view-from-my-reawich-studio

Paul Bloomer,View From My Reawick Studio

Bloomer’s large scale woodcuts are the perfect combination of immediacy and deliberation; the spontaneity and intensity of the drawn mark in brilliant counterpoint with highly skilled formal design. Drawing and painting out of doors in all weathers, at the mercy of nature in the UK’s most Northerly Isles gives Bloomer’s work a unique dynamism and perspective on humanity. Charcoal drawing onto board provides the foundation for his consummate skill as a printmaker. Woodcuts demand an assured hand and mindful, hewn precision in their making, qualities which have always been present in this artist’s work; from the powerful social critiques of his Black Country figurative works to his current focus on the natural world.

Gannets-at-Noss

Paul Bloomer Gannets at Noss

His depictions of birds, particularly those in flight such as Gannets at Noss (Woodcut, 95 x 64cm, 1 of 20) or resting Yellow Warblers (Woodcut, 1 of 20, 50 x 64cm) are invested with life and light. In the former we see the aerodynamic velocity of gannets plummeting into the ocean, their design in perfect harmony with their natural drive to feed. The spiral like composition of Yellow Warblers exudes luminosity and natural order, the cyclical nature of life and vulnerability in bold silhouette. These are medium sized works compared to the expansive scope of Bloomer’s Art in Oils, Watercolour, Mixed Media and Printmaking; however their distinctive style and execution make them among the most striking works in the exhibition.

Watchhouse-Loch,-Watercolour-2011-(470x680mm)-Peter-Davis

Peter Davis Watch House Loch

Another Shetland based artist Peter Davis demonstrates his adeptness with watercolour, creating contemplative images with enviable economy. In Watch House Loch (Watercolour, 47 x 68cm) a basin like field of washes bled into progressive depths of ultramarine create a sense of emotional depth. The stillness of sky, water and reflective cloud in Davis’s lyrical image Smalla Waters at Dusk (Watercolour, 47 x 68cm) is a highlight in a suite of paintings by the artist which extend into abstraction. The most convincing of these are bridges between representation and abstraction, where the artist’s command of the medium is finely balanced in calculated fluidity. The suspension of pigment gives these works delicacy, revealing distinct qualities of light found only in the far Northern landscape.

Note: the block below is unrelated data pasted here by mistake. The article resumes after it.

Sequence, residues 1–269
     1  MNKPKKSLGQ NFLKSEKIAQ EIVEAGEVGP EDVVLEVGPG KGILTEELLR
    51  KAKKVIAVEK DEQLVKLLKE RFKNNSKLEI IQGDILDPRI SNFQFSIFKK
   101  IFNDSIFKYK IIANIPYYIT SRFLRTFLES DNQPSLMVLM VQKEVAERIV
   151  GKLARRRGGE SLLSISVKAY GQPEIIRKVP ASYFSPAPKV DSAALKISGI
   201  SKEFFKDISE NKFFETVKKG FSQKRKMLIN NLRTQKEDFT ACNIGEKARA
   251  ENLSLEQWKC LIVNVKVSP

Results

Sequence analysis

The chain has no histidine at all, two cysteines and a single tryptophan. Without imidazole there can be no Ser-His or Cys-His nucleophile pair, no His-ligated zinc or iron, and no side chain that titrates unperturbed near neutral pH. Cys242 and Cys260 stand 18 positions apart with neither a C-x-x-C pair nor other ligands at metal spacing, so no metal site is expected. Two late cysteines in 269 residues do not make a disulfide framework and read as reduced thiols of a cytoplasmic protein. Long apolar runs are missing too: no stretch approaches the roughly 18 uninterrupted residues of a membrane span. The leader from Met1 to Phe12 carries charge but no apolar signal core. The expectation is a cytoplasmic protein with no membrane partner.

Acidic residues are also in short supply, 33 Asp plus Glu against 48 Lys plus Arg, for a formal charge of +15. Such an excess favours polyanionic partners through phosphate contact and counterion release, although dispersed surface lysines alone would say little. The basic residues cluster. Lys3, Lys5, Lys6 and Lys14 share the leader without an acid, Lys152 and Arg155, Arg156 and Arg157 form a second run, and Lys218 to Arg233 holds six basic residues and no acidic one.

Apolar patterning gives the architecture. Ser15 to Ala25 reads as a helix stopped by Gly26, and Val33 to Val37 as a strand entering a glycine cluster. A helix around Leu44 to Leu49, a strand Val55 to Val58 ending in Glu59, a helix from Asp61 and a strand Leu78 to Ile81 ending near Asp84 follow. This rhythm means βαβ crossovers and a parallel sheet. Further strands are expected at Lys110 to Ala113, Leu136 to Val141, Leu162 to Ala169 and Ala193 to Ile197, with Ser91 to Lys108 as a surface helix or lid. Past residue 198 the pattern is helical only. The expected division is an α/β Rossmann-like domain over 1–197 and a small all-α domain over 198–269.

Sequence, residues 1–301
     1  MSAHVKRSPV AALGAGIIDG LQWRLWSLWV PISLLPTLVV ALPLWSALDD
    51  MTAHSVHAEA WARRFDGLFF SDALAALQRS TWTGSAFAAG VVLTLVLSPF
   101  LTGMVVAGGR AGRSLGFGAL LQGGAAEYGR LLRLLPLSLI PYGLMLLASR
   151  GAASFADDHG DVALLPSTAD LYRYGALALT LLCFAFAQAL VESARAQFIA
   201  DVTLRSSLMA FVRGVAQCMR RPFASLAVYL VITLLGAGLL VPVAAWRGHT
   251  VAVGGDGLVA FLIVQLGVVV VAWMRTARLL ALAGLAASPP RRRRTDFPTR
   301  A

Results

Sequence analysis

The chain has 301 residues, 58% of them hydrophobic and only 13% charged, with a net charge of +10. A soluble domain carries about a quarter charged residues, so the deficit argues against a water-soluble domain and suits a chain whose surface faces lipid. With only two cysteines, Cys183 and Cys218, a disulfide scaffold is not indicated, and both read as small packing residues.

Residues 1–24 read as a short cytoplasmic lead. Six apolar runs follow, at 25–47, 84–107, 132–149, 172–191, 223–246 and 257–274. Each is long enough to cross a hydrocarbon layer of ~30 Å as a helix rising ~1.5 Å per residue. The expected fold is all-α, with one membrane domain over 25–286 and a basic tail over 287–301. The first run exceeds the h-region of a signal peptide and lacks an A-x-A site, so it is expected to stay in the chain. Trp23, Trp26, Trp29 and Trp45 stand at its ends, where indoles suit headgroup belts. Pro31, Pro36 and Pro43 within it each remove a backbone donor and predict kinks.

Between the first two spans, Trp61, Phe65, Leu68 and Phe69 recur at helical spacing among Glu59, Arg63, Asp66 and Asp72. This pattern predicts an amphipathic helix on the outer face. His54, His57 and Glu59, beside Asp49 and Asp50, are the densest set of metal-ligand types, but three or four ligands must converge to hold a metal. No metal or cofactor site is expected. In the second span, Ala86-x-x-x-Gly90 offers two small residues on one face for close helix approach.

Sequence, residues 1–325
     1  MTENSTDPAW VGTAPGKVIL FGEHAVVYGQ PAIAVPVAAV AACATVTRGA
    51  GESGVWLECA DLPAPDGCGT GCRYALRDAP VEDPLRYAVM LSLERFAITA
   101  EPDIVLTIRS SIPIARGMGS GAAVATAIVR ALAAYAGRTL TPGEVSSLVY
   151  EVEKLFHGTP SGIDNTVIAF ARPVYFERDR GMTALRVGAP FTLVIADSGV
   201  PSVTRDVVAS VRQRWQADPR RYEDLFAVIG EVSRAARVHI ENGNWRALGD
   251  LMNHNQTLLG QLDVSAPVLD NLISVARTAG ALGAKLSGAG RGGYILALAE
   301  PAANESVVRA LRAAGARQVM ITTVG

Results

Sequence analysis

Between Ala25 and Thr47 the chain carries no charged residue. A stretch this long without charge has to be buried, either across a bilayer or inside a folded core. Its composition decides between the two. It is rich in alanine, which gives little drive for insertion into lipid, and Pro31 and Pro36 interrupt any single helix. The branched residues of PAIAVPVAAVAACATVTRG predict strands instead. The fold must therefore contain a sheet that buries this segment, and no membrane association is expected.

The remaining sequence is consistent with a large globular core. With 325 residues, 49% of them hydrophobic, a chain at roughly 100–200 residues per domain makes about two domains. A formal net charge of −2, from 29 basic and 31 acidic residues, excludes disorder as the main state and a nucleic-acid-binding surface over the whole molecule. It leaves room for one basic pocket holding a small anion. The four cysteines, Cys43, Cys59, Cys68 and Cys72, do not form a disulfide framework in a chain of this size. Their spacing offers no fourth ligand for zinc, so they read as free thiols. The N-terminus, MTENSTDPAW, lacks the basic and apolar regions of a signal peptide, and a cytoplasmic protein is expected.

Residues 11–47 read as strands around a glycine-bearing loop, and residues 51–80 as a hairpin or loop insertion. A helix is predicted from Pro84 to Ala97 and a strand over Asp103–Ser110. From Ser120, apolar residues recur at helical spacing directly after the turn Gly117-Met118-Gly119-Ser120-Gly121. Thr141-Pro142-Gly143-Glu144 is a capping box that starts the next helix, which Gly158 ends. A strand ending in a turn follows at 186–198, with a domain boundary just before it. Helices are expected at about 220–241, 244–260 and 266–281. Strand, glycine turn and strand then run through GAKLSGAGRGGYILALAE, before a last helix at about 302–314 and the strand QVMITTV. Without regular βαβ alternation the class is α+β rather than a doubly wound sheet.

a-dense-accumulation

Allan MacDonald,   A Dense Accumulation

Allan MacDonald has contributed some truly celebratory works to the exhibition. A Dense Accumulation (Oil on Board, 50 x 60cm) is a work of beauty with life in every mark. It’s a joyful celebration of nature in full bloom reaching towards an affirmation of blue sky. This quality is also present in Storm Cloud, Wheatfield, Oil on Board 25 x 30cm) where a thick impasto field is aglow and the threat of storm clouds are subtly contrasted with the brightness of blue above. The paint handling is fully invested in the subject, reinterpreting the landscape and our place within it. Sound of Many Waters (Oil on Board, 17 x 61cm) is another beautifully realised marriage of colour, texture and gestural mark; the rough edges of the board complementing the yellow of unfurling waves, deep oceanic greens and steadfast purple headland. Calm water, tide and ocean swell meet in a single evasive moment captured by MacDonald’s intuitive response to his environment and masterly paint handling.

Charles MacQueen’s work celebrates intense associations of colour, form and place. Pool Essaouira ( Mixed Media, 71 x 73cm) is a symphony of blue where overlapping fields of colour create depth in a supremely balanced composition of form and feeling. Heat Marrakech (Mixed Media, 102 x 76cm) is a furnace of orange and red, while Heat (Mixed Media, 70 x 60cm) contrasts the cool interior arch of the doorway with the glow of incandescent cadmium red. We rest in a space between shadow and light in MacQueen’s evocation of place and memory.

obje-trouv-for-edin

Liz Knox, Object Troves